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ObesityWeek 16

Insurance and diagnosis are barriers for obesity treatment

Less than half of patients with obesity are diagnosed in the medical setting

Improving health insurance coverage for weight loss services could help people struggling with obesity lose weight, according to a survey of non-physician health professionals (HPs). It is believed to be the first study to examine HPs perspectives of insurance coverage as a facilitator or barrier for weight loss. In addition to current insurance coverage being perceived as a barrier, a second study found that three out of four patients are affected by obesity or overweight, yet less than half (48%) of these patients with a BMI higher than 30 received a formal diagnosis of obesity.

“These two barriers to care – no insurance for medical weight loss support and lack of initial diagnosis – can negatively impact people with obesity or overweight as they seek support from those most adept, trained weight-loss professionals,” said Scott Kahan, spokesperson for The Obesity Society (TOS) and director at the National Center for Weight and Wellness. “While self-management strategies, such as following a commercial diet or increasing exercise, can help in some individuals, most people with obesity, especially those with severe obesity, can benefit from a comprehensive approach that includes healthcare professional support.”

In her presentation, “Health Professionals’ Perceptions of Insurance Coverage for Weight Loss Services”, Dr Ruchi Doshi, MPH at the Johns Hopkins University School of Medicine and the Johns Hopkins Bloomberg School of Public Health, explained the first objective of the researcher was to determine whether HPs perceptions of insurance coverage-related challenges and solutions, and to examine whether these perceptions varied by patient panel income level.

Doshi and colleagues conducted a cross-sectional, web-based survey of HPs in nutrition, nursing, behavioural/mental health, exercise, and pharmacy. Our outcomes were HPs’ identification of insurance coverage as a top three (1) “challenge” or (2) “solution” for obesity management and weight loss.

Among 450 weight management HPs (mean age was 44.9 years; 86% were women; 44% had low-income panels), 23% of HPs endorsed current insurance coverage as a challenge and 57% viewed improved coverage as a solution. Relative to HPs with non-low-income panels, HPs with low-income panels had similar predicted probabilities of identifying insurance coverage as a challenge to care (28% vs 20%, p=0.33) and viewing future benefits expansions as a solution to improve outcomes (47% vs 64%, p=0.08).

“More than half, 57%, of the 450 health professionals we surveyed believe that improved health insurance coverage for weight loss is a solution to greater access to care, and this finding cuts across all patient income levels,” said Doshi. “Furthermore, we found that a quarter of health professionals perceive current insurance coverage to be a weight-loss challenge.”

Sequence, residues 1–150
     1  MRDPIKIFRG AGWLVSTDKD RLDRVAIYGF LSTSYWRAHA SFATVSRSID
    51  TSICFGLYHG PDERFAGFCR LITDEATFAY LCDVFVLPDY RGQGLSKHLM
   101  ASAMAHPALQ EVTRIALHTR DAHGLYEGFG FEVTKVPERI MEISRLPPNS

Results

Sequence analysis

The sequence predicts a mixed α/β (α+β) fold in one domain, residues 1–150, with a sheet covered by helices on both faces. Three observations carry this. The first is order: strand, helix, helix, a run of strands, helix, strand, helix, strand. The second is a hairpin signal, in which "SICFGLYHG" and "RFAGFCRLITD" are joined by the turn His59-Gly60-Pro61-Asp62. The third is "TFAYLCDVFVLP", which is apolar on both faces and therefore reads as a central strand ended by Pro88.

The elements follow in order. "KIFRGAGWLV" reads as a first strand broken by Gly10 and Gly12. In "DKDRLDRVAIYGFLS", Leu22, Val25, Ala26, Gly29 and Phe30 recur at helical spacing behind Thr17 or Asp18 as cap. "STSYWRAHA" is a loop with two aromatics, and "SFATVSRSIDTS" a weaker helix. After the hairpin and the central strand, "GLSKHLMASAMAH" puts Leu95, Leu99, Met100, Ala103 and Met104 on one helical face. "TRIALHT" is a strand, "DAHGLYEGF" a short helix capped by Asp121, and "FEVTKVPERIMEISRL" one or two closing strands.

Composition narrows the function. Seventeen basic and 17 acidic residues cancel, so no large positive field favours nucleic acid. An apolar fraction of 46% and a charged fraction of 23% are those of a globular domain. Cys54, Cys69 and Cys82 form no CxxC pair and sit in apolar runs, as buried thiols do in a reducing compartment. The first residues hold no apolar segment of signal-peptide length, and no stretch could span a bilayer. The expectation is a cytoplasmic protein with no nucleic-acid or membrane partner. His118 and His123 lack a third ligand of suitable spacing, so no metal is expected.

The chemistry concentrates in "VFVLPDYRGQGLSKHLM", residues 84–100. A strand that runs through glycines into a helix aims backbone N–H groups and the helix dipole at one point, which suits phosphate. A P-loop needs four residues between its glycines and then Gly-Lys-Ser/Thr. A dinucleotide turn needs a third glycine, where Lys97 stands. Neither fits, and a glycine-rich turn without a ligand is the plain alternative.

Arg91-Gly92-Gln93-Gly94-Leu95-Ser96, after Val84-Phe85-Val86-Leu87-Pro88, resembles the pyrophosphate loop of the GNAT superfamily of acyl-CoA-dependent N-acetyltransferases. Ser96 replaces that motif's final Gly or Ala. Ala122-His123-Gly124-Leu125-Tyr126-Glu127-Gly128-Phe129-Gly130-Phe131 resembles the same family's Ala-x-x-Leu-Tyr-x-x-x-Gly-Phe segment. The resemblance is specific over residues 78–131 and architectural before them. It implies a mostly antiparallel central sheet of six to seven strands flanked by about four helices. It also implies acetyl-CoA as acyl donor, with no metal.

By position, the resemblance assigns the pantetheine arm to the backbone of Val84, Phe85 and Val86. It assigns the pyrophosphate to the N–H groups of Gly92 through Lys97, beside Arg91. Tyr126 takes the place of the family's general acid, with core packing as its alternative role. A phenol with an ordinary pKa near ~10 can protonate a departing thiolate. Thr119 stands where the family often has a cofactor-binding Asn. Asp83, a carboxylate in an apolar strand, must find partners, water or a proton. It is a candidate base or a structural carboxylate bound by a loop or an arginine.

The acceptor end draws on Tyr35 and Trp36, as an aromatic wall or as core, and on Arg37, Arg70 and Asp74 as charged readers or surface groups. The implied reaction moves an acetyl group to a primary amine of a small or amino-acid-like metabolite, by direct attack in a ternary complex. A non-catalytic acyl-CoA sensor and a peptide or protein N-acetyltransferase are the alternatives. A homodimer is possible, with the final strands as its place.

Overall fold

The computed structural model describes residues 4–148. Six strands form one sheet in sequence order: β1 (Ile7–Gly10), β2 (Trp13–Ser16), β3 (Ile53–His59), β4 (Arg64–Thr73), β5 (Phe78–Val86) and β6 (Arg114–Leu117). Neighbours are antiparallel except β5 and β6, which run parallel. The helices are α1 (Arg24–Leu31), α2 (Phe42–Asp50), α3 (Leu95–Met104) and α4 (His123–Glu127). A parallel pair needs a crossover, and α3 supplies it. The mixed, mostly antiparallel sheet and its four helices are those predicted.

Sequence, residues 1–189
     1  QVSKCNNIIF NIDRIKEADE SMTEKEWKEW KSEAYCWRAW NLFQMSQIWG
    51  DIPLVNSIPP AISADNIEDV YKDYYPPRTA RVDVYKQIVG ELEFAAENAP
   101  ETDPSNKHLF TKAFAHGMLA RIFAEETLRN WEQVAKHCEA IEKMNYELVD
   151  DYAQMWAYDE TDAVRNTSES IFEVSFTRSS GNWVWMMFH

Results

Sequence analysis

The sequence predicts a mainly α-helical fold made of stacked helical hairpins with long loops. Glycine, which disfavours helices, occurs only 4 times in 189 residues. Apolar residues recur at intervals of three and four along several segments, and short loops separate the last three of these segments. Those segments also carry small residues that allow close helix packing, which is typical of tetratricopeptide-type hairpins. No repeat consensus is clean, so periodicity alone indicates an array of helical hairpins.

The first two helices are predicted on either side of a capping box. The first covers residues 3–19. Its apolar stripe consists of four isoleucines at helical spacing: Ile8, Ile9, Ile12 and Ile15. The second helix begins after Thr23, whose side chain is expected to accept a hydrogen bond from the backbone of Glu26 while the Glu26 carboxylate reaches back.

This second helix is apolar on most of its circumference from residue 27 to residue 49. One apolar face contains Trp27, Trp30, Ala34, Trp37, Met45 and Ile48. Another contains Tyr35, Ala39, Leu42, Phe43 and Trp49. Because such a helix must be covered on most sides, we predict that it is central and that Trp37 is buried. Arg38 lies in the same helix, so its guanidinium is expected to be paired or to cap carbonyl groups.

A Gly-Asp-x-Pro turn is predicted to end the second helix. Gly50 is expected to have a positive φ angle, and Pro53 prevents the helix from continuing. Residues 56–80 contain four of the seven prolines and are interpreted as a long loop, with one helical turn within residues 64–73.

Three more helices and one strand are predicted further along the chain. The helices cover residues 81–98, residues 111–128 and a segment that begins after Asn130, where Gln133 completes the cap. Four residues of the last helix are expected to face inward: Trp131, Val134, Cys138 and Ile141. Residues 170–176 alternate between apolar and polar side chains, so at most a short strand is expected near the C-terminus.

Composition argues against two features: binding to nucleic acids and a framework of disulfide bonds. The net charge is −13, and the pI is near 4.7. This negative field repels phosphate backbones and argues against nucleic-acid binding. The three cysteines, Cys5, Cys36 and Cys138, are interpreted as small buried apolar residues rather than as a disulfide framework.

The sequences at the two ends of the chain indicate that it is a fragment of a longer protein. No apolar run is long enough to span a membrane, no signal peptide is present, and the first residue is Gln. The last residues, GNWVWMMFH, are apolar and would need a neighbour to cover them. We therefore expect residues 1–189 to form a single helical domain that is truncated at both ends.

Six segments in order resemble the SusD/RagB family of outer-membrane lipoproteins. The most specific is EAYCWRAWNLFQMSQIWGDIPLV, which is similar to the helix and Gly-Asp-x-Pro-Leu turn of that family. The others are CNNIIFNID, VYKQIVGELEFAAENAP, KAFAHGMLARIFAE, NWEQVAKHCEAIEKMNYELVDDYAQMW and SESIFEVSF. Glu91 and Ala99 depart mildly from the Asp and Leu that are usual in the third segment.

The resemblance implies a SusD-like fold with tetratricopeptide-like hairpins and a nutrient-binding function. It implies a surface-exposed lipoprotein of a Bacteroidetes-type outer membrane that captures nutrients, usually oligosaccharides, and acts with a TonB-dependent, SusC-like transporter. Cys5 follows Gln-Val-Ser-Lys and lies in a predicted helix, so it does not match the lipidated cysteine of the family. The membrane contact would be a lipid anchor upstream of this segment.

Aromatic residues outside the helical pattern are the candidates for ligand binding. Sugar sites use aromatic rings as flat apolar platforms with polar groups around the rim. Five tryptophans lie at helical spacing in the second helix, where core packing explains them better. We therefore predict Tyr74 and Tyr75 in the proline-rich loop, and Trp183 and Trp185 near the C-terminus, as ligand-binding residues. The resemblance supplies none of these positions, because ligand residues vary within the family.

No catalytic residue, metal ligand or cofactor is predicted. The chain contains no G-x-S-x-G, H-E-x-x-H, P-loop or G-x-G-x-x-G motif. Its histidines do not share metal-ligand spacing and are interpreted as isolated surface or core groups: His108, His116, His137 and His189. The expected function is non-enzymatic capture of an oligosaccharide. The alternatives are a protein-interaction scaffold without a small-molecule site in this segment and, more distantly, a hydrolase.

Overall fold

“Regardless of panel income level, most HPs perceive insurance coverage of their services as an important factor in facilitating weight loss,” she concluded. “While the Affordable Care Act potentially expands coverage of obesity care to low-income patients, there is no legislation regarding benefits for non-governmental insurers; yet health professionals perceive that all patients may benefit from expanded coverage.”

The second study, “The Prevalence and Recognition of Obesity and its Associated Comorbidities in a Large U.S. Integrated Health System,” Dr Bartolome Burguera of Cleveland Clinic’s Endocrinology and Bariatric Institutes and Director of Obesity Programs at Cleveland Clinic examined the initial diagnosis of obesity.

Funded by Novo Nordisk, Burguera and his colleagues reviewed nearly 325,000 electronic health records from the Cleveland Clinic to see if patients with obesity or overweight as identified via BMI received a formal diagnosis using ICD-9 documentation. This cross-sectional summary from a large US integrated health system found that of all patients with a BMI > 30, only 48% had documentation of an ICD-9 code for obesity. In those patients with a BMI > 40 (considered severe obesity), only 75 percent had an ICD-9 code for obesity.

“The disease of obesity is very prevalent yet too often underdiagnosed, which could be an important barrier to getting initial care,” said Burguera. “By providing a formal diagnosis, we may be able to help people get the treatment they need to lose weight and get healthy. The under diagnosing of obesity may serve as an important barrier to treatment initiation.”

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